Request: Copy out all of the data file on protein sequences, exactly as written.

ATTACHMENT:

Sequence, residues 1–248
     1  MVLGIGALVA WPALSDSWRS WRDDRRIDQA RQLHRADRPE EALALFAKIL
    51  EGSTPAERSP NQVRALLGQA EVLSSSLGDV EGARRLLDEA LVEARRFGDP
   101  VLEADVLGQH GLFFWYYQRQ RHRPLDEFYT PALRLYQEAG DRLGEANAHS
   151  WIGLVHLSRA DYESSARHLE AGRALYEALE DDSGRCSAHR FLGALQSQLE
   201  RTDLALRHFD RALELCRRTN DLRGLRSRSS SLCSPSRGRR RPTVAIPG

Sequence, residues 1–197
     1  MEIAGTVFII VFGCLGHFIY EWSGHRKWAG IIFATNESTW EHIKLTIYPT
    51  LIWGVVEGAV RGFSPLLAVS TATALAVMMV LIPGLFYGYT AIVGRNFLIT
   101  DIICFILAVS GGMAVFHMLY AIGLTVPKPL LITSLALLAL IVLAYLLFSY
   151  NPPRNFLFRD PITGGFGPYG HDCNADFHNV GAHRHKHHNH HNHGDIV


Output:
Sequence, residues 1–248
     1  MVLGIGALVA WPALSDSWRS WRDDRRIDQA RQLHRADRPE EALALFAKIL
    51  EGSTPAERSP NQVRALLGQA EVLSSSLGDV EGARRLLDEA LVEARRFGDP
   101  VLEADVLGQH GLFFWYYQRQ RHRPLDEFYT PALRLYQEAG DRLGEANAHS
   151  WIGLVHLSRA DYESSARHLE AGRALYEALE DDSGRCSAHR FLGALQSQLE
   201  RTDLALRHFD RALELCRRTN DLRGLRSRSS SLCSPSRGRR RPTVAIPG

Sequence, residues 1–197
     1  MEIAGTVFII VFGCLGHFIY EWSGHRKWAG IIFATNESTW EHIKLTIYPT
    51  LIWGVVEGAV RGFSPLLAVS TATALAVMMV LIPGLFYGYT AIVGRNFLIT
   101  DIICFILAVS GGMAVFHMLY AIGLTVPKPL LITSLALLAL IVLAYLLFSY
   151  NPPRNFLFRD PITGGFGPYG HDCNADFHNV GAHRHKHHNH HNHGDIV